15 April 2006

Learning the code


I'm slowly, slowly learning my way around how to post and how to use HTML in this blog. Using HTML reminds me of "back in the day" when I used to typeset text for print publishing. Every single change of font, size, indent, etc. had its own code that had to be inserted correctly before and after the text.

At the time, phototypesetting was state-of-the-art, the latest technology. It seemed magical, since it replaced hot-lead-type once and for all. Lead type was, literally, tiny slugs of molten lead molded by machine into individual letters in individual fonts and sizes, then "set" by the typesetter into big wooden trays. He or she set the type in reverse and backwards, of course, letter by letter, word by word, with "em" and "en" spaces made of blank lead slugs between the words and "leading," thin strips of lead between the lines, for readability. The raised letters on the slugs were inked and the paper pressed onto them to get a readable image.

When desktop publishing came along in the form of Adobe Pagemaker in the early 80s, those gigantic photo typesetting machines I struggled with, twisting my brain and fingers up with code, went the way of oh, the Edsel, I guess. Or the dodo bird. And it's been full speed ahead ever since.

I used to type all the text into the machine, watching it appear on a CRT in glowing green letters. Once I was done, I'd "print," and the machine would develop the text on a long, long strip of thick, matte, photographic paper. I'd tear it off, proof the text to be sure I hadn't messed it up by inserting or leaving out code (an easy thing to do, unfortunately), then run the paper through a waxing machine, which laid lines of soft, warm, sticky wax on the back.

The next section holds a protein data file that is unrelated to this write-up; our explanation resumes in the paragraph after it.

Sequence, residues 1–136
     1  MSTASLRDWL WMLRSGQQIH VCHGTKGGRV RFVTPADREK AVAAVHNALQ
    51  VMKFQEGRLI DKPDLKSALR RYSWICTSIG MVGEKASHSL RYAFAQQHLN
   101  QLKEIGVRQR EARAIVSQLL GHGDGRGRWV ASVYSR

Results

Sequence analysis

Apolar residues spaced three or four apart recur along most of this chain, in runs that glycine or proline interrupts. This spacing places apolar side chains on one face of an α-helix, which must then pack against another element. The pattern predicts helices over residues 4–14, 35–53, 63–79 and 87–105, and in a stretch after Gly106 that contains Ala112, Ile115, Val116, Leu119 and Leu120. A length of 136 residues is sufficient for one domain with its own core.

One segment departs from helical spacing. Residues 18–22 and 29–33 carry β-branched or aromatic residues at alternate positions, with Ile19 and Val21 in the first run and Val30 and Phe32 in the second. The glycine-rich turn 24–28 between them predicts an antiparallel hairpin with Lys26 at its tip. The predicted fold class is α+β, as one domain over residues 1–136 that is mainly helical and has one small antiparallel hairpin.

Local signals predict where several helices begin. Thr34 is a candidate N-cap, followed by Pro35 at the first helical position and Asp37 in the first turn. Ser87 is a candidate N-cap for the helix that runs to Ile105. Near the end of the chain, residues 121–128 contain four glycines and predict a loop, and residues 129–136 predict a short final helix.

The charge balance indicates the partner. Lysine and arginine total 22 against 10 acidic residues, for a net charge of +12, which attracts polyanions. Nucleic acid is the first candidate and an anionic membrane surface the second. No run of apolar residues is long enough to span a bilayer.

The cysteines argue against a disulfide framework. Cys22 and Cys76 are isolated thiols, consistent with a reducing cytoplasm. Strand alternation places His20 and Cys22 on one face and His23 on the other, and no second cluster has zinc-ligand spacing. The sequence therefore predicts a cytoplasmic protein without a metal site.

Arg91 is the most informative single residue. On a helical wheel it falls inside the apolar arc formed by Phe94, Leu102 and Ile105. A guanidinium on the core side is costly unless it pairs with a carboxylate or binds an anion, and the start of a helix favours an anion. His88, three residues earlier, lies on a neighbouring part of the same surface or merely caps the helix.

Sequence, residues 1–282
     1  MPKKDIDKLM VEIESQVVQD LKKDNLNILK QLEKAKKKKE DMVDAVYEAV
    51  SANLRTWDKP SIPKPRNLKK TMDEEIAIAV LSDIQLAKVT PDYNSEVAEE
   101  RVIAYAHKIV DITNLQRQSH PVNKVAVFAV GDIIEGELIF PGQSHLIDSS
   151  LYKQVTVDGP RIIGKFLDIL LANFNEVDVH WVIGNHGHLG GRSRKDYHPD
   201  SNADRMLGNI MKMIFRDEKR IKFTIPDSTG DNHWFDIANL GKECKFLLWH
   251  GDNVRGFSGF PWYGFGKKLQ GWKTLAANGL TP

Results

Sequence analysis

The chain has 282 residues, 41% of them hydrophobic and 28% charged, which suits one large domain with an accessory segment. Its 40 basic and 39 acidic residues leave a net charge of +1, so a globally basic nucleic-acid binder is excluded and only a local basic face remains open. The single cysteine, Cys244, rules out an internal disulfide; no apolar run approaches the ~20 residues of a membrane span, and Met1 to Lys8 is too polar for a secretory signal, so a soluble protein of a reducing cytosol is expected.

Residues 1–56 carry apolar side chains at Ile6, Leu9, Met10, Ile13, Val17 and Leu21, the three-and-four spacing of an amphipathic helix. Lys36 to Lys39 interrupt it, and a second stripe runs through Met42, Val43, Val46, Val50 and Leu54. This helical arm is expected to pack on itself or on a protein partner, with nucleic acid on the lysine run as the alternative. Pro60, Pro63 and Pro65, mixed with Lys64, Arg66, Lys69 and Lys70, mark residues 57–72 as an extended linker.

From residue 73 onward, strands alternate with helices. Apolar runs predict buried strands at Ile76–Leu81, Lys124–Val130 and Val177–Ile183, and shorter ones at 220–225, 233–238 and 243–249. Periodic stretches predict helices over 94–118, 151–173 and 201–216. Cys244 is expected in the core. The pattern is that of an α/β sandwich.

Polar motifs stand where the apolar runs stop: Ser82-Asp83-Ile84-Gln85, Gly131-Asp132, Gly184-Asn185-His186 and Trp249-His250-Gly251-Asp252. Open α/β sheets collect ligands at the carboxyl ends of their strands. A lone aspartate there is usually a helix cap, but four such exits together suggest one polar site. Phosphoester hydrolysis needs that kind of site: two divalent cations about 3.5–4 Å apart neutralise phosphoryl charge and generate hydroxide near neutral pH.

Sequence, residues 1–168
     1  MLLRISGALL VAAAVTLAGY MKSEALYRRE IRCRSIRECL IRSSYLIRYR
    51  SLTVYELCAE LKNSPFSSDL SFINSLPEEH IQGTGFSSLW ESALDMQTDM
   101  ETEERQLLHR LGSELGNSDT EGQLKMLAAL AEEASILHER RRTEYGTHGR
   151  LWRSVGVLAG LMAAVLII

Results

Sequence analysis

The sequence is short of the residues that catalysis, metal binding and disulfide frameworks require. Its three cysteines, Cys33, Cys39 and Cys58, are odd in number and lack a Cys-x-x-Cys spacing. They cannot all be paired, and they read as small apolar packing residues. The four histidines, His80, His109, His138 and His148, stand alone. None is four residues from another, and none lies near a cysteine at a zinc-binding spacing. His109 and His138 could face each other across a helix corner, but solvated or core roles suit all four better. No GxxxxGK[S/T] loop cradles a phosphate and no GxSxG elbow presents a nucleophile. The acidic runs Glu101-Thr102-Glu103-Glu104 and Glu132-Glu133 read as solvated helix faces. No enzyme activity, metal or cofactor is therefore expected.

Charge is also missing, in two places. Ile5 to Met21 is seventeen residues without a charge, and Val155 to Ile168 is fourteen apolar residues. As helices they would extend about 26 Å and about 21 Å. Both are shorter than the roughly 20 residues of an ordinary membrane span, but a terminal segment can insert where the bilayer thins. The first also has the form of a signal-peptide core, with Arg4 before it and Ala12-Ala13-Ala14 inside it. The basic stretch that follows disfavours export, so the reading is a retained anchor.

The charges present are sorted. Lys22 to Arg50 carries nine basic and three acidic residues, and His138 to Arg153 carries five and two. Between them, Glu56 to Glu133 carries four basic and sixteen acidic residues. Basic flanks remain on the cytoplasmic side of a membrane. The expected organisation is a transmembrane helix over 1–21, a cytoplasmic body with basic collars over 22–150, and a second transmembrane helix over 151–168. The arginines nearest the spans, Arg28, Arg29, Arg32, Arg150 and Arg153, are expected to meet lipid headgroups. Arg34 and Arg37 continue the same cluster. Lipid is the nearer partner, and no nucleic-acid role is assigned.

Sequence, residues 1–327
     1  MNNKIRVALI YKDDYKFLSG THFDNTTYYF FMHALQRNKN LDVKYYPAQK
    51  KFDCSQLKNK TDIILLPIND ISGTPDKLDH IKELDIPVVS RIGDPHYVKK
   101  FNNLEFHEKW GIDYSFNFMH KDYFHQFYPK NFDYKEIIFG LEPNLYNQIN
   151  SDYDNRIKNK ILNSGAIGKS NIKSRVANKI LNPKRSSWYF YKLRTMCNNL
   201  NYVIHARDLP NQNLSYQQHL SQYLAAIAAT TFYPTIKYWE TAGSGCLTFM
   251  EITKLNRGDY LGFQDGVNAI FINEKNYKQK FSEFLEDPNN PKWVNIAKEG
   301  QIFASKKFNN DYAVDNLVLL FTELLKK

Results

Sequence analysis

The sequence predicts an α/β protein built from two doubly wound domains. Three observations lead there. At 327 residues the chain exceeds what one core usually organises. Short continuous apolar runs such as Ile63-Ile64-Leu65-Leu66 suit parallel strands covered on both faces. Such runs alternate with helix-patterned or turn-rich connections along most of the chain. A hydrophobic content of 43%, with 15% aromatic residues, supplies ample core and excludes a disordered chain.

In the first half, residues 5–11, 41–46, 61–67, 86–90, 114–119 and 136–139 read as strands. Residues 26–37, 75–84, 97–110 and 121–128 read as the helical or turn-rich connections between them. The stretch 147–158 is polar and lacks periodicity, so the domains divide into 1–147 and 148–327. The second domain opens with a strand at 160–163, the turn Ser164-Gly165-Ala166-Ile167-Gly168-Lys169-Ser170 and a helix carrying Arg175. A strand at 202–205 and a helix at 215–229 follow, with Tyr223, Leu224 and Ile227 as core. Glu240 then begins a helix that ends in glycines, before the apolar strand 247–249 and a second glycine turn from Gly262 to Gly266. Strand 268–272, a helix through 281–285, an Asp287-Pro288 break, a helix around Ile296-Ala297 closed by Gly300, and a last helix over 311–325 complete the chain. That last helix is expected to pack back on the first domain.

And then, it was a matter of manually slicing up the printed-out text with an X-Acto blade and sticking it onto bluelined layout sheets, using a T-square to line the text up vertically and horizontally and make sure it was straight. Once that was done, you'd use a rubber roller over a second sheet of paper to stick it down tight.

It was a huge amount of work, but it was satisfying, too. Typesetting and paste-up took a certain amount of skill, and if you were a graphic artist, like I was, there was a lot of pride involved in getting it right.

Once the layouts were finished and proofed, they'd go to the printer, where the pressman burned metal plates, fixed them to his press, added ink and paper and ... heheh... viola. A book. Or pamphet, or flyer came into existence.

Ah, memories. HTML is kinda fun, in a nitnoid sorta way. Anybody have any suggestions of how I might learn more about it, free, online?

1 comment:

Neddie said...

Might as well go straight to the source (ha ha), The W3 Consortium: http://www.w3schools.com/

Blogger.com templates employ a great deal of Cascading Style Sheets, so might as well bone up on them, too, if you want to change the look-and-feel of your blog (colors, typefaces, etc).

I too started out in print production in the waning days of photomechanical typestting. I still remember the day in 1987 that I watched a Toaster Mac running Ready! Set! Go! lay out a 200-page technical manual in about 30 seconds -- a task that would have taken about 90 days for the entire production department of the publishing house I worked for. Quite the revelation, that was.